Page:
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$D$ is the stiffness of the springs, and $l_0$ is their original length, ,with $l>l_0$. My try was this:

$$m\frac{\mathrm{d}^2x}{\mathrm{d}t^2}=-D(r+(l-l_0))\cos{\alpha}+D((l-l_0)-r)\cos{\alpha}=-2Dr\cos{\alpha}$$ $$m\frac{\mathrm{d}^2y}{\mathrm{d}t^2}=-Dr\sin{\alpha}$$

Where alpha is the angle between the spring and the horizontal axis, and $r^2=x^2+y^2$, but I can't solve it.

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  • $\begingroup$ What is $\alpha$? Which angle does it represent? $\endgroup$ – Gert Nov 19 '17 at 17:51
  • $\begingroup$ @Gert it's the angle between the horizontal axis and the spring, so it' 0 when the spring is fully horizontal, and pi/2 when vertical. $\endgroup$ – Botond Nov 19 '17 at 18:00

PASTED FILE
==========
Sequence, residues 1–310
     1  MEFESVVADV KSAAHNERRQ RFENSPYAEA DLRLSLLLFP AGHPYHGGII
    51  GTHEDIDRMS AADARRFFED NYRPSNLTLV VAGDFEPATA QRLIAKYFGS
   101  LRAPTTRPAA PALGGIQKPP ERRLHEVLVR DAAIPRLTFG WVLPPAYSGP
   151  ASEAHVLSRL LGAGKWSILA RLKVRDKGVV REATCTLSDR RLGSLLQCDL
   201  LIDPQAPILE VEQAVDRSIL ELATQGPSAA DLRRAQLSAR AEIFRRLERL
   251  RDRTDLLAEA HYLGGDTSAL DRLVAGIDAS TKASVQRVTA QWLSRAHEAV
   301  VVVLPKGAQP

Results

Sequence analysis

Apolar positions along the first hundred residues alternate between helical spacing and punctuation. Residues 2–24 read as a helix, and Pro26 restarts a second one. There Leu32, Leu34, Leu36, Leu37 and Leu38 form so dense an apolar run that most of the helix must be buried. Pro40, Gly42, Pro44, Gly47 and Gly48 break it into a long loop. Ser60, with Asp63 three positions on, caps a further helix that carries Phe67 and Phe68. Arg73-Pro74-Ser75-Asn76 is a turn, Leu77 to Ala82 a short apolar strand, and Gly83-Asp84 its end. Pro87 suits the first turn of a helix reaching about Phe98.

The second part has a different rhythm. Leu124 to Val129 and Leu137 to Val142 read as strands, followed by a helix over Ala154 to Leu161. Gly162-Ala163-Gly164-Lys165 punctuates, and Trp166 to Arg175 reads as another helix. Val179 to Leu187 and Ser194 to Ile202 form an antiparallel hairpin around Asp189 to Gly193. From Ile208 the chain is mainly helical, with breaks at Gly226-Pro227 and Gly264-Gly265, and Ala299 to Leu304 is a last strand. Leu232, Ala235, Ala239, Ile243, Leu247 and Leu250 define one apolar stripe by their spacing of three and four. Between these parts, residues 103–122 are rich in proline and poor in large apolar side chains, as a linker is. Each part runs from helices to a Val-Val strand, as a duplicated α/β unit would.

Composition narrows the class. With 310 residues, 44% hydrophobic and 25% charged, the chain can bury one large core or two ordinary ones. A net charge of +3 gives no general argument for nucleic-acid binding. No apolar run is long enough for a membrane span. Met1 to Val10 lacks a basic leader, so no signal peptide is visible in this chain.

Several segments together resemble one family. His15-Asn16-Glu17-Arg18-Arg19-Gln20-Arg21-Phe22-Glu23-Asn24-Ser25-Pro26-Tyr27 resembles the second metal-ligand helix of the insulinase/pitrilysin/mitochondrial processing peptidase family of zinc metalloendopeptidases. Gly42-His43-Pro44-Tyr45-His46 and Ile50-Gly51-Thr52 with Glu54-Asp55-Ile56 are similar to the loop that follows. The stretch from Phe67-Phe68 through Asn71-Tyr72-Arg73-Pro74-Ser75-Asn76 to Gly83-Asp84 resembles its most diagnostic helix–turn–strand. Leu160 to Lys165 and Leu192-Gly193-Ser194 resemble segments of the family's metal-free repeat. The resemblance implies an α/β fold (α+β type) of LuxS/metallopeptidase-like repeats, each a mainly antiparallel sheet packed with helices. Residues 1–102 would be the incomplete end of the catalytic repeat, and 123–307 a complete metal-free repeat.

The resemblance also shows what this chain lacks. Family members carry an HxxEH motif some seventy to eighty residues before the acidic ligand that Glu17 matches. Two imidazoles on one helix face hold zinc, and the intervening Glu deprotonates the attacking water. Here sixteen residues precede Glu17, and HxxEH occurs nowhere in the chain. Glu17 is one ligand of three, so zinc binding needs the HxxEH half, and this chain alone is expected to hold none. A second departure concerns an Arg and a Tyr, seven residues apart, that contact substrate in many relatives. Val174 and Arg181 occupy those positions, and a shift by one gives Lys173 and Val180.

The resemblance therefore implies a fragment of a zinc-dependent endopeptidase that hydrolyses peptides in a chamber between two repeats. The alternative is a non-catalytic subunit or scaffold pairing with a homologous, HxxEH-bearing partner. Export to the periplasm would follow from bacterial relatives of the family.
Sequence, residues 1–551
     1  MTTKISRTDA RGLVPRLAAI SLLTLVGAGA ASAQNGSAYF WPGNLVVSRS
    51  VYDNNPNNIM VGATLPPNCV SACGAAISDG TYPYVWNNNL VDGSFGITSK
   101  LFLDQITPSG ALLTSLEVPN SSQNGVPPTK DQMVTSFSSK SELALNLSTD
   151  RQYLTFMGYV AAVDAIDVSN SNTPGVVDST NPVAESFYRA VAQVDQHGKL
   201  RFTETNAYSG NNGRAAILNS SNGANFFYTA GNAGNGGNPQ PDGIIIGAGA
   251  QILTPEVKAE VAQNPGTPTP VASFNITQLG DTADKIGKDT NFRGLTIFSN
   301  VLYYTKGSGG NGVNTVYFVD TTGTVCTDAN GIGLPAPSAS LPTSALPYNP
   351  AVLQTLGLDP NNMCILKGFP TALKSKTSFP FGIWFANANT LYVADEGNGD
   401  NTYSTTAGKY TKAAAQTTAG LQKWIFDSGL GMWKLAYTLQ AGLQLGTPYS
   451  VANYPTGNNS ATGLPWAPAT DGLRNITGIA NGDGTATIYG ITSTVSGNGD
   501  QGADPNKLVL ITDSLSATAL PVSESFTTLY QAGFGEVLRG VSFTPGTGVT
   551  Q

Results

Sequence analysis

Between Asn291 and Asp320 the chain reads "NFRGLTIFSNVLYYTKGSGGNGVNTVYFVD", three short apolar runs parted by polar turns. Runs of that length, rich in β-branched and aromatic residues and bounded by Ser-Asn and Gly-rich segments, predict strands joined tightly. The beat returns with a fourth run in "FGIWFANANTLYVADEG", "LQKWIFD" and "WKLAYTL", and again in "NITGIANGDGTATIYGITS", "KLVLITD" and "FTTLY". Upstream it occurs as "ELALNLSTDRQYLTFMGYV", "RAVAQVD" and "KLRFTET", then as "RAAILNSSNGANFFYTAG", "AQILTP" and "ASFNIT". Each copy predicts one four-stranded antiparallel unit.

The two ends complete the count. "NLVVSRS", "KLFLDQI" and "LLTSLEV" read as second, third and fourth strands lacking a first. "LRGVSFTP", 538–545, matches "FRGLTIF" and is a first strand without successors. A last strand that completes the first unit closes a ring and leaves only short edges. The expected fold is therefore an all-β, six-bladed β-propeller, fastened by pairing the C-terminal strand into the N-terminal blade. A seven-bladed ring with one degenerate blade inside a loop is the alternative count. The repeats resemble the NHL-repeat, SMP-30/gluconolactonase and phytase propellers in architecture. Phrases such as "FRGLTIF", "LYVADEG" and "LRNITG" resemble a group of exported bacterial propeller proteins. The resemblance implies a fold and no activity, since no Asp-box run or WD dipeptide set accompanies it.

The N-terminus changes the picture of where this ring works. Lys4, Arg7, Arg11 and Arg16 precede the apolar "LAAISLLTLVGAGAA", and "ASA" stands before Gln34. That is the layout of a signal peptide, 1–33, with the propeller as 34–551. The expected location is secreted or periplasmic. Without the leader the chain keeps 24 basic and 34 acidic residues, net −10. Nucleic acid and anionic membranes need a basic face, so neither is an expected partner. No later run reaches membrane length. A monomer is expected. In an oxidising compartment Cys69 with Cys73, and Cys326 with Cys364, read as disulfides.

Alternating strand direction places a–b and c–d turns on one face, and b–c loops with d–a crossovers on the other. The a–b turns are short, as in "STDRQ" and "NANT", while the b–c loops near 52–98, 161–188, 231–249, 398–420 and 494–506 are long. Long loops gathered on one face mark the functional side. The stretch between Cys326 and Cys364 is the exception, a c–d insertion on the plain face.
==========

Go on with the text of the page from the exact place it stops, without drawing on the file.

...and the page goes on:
• $\begingroup$ For horizontal displacement the effective spring constant is just the sum of the two along constants. For vertical displacements the answer is given here $\endgroup$ – Floris Nov 19 '17 at 19:05
  • $\begingroup$ @Floris I don't think so. I think the vertical movement depends on the horizontal, and vice versa. $\endgroup$ – Botond Nov 19 '17 at 19:36
  • $\begingroup$ Vertical and horizontal motion are two normal modes. For small displacement the behavior is linear so there is no mixing. $\endgroup$ – Floris Nov 19 '17 at 20:08